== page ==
(All Album Reviews by Chuck AzEee!)
In the latter part of 1969, while touring together in the US, keyboard virtuoso Keith Emerson, while with The Nice, had crossed paths with Greg Lake, whom had expressed his disillusionment with the touring and the musical direction of King Crimson and had announced that he would be leaving the band after its American tour.
In Early 1970 with the addition of the flashy Carl Palmer (whom had left the famous Atomic Rooster some time before), the three men known simply as Emerson, Lake & Palmer, went on to form what would be progressive rock's first "supergroup".
The first album also eponymously named after the group, is an album unlike anything they would ever do together again. The music on Emerson, Lake & Palmer is more of a subdued effort in comparison to later releases from ELP, which is combination of the work that all three members did with their former bands, which is a stunning mixture of ELP's love of Psychedelia, Jazz, Folk and Classical music.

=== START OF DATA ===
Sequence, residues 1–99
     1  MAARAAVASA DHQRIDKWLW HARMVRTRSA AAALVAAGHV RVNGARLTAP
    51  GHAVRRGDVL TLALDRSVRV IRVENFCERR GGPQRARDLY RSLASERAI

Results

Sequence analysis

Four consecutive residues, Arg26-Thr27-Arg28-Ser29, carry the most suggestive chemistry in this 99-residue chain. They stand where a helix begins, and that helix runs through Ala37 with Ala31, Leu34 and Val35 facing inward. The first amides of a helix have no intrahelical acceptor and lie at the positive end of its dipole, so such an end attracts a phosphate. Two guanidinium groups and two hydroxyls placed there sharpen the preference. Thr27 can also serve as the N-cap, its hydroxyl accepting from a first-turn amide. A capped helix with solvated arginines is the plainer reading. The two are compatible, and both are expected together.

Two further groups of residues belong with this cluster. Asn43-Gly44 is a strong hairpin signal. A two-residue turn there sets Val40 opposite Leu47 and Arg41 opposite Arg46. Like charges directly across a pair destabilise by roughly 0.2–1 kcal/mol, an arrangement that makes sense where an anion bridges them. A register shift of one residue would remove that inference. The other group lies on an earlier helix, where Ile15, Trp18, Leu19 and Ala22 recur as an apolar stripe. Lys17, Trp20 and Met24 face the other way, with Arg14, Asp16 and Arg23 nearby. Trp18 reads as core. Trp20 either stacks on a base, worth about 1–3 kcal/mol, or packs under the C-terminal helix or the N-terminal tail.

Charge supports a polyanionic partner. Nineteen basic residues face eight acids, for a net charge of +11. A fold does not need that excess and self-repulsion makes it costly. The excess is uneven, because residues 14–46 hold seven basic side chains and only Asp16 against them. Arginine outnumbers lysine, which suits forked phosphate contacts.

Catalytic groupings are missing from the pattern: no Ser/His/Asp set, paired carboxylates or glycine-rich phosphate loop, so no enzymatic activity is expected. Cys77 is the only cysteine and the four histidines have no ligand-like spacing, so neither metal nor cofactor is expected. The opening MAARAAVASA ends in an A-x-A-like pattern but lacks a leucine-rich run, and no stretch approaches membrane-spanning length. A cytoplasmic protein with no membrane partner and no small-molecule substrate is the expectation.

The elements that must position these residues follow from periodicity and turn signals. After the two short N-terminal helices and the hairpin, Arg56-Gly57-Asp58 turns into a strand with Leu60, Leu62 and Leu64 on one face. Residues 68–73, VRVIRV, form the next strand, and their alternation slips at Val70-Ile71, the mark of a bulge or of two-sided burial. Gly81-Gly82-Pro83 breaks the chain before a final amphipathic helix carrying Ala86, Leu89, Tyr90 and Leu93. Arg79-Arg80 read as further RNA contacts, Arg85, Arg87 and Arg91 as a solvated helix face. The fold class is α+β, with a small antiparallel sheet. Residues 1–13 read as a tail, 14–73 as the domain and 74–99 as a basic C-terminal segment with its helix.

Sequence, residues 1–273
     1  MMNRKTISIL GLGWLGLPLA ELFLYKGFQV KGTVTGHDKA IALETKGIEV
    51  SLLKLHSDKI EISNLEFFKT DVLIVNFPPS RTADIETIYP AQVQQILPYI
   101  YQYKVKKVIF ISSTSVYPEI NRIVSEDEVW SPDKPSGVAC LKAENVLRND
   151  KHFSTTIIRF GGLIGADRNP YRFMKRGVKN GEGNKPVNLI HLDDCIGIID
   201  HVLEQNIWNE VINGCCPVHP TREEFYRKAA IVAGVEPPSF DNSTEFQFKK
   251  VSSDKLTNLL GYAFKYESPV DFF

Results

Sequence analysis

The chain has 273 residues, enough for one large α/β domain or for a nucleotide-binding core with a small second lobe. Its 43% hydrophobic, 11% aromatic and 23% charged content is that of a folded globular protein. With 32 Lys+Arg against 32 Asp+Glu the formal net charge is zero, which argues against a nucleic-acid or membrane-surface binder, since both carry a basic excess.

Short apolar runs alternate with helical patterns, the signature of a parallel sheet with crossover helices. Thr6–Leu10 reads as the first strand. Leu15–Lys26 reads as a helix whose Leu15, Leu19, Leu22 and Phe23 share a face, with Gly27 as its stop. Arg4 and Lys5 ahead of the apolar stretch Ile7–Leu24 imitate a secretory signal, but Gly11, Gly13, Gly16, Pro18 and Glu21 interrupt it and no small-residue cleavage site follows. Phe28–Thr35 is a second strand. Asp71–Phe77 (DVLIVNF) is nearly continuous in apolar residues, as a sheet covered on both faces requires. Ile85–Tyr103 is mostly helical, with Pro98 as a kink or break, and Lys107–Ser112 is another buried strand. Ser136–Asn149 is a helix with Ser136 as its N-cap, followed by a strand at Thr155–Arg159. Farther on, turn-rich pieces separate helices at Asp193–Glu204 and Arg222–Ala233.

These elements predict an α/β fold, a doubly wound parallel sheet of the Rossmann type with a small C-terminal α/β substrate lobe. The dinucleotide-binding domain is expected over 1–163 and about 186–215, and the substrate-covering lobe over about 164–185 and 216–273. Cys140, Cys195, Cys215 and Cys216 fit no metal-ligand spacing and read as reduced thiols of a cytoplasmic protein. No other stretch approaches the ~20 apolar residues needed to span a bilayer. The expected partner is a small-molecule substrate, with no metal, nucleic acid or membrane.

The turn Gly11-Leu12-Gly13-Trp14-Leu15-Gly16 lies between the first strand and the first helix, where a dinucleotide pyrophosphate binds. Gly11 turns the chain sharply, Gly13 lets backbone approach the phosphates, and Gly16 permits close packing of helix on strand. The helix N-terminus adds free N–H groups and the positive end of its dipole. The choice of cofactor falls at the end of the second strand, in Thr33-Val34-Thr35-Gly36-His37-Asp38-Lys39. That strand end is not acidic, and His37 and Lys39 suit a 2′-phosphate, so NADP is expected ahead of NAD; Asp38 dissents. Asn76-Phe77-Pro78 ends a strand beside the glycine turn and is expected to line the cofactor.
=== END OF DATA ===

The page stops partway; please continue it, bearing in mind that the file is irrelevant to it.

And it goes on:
Borrowing from classical composers, Bela Bartok "The Barbarian" and Janacek's "Sinfonietta" which would be adapted into the band's "Knife-Edge" (which would go on to become an FM classic) would be amongst the band's greatest songs, but the band negative attributes also were prevalent here, such as the bombastic classic "Tank" (includes a drum solo by Carl, which would then be ruined by a silly psychedelic effect towards the end), Lake's haunting King Crimson-ish "Take A Pebble", which despite being a great song (At least to me) seems to receive the most negative feedback from this album.
More highlights form the album is the single edit, "Lucky Man", a soft piece in vein of Lake's "Take A Pebble", concludes with bizarre Moog solo towards the end, and does not seem at first listen to fit together with the piece, but upon further listening, along with the fading out of the track, is a masterpiece and would also become a FM radio staple.
Emerson, Lake & Palmer might not be true fans of the band's recommendation as a first purchase, but to this reviewer, it seems to be ELP's most accessable work to date.